the vessel and both her masts went over. Lieutenant Nicholson, the mate, and supercargo, endeavored to save the vessel, but the crew would not obey either of them. She was afterwards assisted as far as possible by the frigates, but finally abandoned and lost.
The libel was filed against Commodore Rodgers and Captain Smith alleging that the loss of said vessel and cargo was owing
"to the deception unlawfully practiced on her crew by the officers of the said squadron, and through the want of care, inattention, and gross negligence of the officer of said frigate Congress in the navigating said schooner, of which he had taken and then had command,"
and praying for a monition against them to proceed to adjudication or to show cause why restitution in value should not be decreed.
The district court considered this allegation supported by the proof, and that Commodore Rodgers was answerable as commander of the squadron, and decreed against him for $43,250, the value of said vessel and cargo. The circuit court affirmed the decree pro forma, and thereupon the cause was brought by appeal to this Court. After the filing of the libel and before the decree in the district court, the death of Captain Smith, which had intervened, was suggested on the record.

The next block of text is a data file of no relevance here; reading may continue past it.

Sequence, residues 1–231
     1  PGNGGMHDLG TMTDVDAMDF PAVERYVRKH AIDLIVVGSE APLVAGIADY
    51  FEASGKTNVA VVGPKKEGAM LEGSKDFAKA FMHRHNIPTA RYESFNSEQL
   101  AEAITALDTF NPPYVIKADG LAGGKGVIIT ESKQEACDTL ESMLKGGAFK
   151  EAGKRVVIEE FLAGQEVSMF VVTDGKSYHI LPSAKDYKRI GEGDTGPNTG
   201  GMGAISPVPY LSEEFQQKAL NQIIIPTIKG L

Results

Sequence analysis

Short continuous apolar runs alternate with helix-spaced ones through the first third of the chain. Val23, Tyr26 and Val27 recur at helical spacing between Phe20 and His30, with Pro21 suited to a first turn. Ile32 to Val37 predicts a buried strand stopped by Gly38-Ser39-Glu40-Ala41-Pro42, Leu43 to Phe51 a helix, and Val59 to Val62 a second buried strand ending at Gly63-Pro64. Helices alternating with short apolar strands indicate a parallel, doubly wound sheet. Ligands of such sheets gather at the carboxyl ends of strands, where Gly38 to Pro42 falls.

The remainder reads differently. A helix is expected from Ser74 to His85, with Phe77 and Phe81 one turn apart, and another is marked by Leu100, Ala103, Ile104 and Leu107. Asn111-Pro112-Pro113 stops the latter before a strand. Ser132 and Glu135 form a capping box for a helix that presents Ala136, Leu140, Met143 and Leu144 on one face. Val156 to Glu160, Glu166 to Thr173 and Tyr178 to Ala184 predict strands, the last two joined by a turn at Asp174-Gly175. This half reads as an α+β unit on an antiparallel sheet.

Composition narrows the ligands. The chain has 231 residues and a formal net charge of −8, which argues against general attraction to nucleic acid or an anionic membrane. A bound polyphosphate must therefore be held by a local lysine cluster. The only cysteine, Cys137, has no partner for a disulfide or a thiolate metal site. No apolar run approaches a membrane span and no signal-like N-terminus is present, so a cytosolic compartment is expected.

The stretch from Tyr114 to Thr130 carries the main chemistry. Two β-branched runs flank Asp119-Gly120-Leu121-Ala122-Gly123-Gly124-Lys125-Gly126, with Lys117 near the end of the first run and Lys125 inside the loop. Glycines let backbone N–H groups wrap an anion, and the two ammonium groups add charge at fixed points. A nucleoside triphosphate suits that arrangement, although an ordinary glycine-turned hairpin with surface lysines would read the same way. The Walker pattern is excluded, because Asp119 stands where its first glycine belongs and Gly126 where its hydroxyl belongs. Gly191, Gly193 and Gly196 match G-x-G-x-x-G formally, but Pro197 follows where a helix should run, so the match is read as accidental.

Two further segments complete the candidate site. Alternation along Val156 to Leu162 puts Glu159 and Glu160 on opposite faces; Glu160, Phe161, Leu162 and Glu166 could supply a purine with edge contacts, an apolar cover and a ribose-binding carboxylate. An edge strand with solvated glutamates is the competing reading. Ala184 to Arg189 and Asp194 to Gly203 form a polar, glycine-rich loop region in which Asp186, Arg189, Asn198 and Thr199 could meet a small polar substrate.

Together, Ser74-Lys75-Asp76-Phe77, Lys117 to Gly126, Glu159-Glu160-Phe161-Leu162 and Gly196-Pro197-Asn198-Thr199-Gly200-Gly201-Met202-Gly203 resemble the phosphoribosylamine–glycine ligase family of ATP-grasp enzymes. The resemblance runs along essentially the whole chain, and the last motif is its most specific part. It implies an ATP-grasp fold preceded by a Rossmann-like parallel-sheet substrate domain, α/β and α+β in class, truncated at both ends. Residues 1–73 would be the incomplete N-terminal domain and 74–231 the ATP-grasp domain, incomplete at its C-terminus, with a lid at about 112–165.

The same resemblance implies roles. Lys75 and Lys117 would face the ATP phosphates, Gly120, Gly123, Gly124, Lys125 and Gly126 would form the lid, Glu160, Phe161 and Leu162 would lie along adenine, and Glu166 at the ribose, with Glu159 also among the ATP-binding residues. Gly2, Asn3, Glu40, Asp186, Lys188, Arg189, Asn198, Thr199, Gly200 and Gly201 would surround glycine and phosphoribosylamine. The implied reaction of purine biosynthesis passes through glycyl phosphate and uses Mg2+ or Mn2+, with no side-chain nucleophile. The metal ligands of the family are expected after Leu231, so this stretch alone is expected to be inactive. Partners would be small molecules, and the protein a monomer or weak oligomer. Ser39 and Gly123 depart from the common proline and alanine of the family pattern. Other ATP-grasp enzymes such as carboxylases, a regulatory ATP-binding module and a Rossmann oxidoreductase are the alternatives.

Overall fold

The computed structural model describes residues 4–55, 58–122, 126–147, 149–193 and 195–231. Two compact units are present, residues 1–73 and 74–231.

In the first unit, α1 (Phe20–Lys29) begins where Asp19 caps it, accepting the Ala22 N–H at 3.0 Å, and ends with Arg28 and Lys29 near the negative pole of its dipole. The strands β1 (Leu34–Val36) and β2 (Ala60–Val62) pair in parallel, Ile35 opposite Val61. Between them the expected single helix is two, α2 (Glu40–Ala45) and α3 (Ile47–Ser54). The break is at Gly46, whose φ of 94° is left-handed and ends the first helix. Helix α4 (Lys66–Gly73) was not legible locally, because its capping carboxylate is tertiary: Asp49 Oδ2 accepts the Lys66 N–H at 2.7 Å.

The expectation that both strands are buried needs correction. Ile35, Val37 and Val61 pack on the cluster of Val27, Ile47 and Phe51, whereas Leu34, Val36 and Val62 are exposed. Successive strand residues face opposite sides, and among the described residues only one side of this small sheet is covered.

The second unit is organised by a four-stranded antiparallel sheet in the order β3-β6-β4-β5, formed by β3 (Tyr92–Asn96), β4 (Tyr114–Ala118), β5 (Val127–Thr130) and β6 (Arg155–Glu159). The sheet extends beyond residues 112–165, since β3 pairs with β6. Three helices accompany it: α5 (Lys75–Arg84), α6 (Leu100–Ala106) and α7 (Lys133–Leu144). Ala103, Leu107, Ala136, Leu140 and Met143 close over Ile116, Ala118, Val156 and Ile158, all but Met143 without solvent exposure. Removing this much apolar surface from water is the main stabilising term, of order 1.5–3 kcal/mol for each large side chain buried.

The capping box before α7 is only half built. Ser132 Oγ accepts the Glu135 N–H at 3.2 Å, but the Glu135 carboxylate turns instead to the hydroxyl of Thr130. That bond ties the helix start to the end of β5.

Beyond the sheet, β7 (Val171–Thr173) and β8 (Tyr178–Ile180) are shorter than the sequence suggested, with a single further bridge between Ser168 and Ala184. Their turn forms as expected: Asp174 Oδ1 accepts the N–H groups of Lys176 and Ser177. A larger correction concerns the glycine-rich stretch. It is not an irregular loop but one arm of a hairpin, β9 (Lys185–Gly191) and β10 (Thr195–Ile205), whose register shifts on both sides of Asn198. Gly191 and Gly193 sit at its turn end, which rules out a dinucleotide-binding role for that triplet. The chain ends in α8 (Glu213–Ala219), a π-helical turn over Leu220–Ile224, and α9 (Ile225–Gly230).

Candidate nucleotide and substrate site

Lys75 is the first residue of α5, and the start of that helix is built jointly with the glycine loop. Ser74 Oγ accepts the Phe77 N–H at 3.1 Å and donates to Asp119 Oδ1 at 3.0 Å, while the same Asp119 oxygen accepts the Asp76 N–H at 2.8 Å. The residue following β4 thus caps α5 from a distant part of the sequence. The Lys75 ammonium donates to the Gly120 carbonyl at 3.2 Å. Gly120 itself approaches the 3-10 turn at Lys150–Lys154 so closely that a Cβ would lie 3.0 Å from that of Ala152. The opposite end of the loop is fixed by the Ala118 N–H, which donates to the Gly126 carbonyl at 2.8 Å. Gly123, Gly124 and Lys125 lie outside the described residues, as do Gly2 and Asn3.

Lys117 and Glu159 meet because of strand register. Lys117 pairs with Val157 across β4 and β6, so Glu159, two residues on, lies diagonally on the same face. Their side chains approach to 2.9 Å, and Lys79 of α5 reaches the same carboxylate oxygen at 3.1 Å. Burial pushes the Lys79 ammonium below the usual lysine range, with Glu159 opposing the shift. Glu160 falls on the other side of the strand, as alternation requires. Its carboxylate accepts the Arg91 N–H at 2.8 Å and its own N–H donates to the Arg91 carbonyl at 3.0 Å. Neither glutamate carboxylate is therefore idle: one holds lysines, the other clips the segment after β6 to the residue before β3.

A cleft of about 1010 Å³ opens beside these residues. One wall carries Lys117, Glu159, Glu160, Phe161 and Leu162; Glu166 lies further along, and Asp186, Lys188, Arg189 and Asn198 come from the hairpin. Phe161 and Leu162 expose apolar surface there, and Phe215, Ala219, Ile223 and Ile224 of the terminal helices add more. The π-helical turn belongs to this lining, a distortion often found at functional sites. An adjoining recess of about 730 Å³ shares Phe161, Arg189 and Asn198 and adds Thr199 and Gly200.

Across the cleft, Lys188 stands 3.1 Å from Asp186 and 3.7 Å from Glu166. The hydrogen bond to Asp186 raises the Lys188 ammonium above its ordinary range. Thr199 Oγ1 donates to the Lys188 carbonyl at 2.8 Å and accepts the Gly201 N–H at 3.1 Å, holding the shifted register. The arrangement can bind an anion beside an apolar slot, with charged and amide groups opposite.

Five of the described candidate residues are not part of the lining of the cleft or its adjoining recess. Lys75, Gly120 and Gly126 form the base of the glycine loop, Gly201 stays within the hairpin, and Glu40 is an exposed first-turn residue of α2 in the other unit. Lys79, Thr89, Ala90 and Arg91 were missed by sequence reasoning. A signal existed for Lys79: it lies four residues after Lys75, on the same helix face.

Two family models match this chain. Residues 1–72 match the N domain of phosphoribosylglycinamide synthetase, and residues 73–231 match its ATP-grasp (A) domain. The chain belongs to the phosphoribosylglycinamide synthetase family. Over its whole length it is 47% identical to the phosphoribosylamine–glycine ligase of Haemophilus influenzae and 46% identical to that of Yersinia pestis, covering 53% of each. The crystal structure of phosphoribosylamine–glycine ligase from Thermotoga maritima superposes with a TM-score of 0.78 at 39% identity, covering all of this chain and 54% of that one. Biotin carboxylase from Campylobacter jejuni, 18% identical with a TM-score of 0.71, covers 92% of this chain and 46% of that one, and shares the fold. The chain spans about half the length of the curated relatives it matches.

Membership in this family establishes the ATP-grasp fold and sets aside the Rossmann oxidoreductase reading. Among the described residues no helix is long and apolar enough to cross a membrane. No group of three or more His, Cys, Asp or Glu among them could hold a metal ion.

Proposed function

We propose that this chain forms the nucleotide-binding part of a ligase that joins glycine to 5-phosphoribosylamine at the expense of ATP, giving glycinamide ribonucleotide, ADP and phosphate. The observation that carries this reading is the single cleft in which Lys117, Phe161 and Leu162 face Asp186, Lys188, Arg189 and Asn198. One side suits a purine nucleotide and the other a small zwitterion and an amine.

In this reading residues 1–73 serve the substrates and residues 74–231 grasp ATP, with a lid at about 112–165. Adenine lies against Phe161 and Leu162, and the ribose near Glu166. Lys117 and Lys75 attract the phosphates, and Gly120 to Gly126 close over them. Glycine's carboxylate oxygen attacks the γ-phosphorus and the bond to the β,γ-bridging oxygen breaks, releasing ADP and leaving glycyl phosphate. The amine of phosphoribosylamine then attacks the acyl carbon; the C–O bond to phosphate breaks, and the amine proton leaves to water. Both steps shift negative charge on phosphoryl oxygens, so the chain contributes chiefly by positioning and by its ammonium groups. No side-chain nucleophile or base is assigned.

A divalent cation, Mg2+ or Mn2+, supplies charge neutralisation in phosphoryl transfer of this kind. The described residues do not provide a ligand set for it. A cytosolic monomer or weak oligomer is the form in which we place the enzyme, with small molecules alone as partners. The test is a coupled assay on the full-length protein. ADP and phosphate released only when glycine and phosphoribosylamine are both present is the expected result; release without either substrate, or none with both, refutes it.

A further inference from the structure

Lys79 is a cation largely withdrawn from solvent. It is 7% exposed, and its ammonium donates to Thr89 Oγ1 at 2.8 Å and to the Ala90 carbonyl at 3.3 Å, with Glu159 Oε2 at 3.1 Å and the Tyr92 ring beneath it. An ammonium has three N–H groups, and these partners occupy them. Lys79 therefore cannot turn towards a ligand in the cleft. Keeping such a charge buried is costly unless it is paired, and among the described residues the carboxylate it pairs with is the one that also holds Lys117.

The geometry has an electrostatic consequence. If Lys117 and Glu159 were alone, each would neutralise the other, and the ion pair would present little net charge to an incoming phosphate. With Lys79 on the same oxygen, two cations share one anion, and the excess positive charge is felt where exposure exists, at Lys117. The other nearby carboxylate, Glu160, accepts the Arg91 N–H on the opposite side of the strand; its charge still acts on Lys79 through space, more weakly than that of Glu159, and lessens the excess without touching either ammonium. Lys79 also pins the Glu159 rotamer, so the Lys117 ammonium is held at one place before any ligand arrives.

MR. JUSTICE JOHNSON delivered the opinion of the Court.
This case presents two questions,
1. Are the appellees entitled to recover?
2. Does their right of recovery extend to the commander of the squadron?
In whatever view the case be considered, it is one of extreme hardship; both the claim and the defense are founded in the most rigid principles of the strictum jus, and it is impossible not to regret if the libellant has no means of indemnity or if that indemnity should be exacted of men whose characters and conduct were so far above all imputation of malice or oppression. Nor can this Court altogether close its feelings against the claims to protection of that navy which has so nobly protected the reputation of the country. Yet we mistake the character of the men who constitute it, if they would not be among the first to declare the government unworthy of their skill and valor, in which the rights of the meanest individual was not as much an object of earnest solicitude as the rights of those whom their country delights most to honor. Whether the commander of a squadron be liable to individuals for the trespasses of those under his command is a question on which it would be equally incorrect to lay down a general proposition either negatively or affirmatively. In case of positive or permissive orders or in case of actual presence and cooperation, there could not be a doubt of his liability. But on the other hand, when we consider the partial independence of each commander of a vessel, and that the association is not a subject of contract, but founded on the orders of their government, which leave them no election, it would be dangerous indeed, and dampening to the ardor of enterprise, to trammel a commander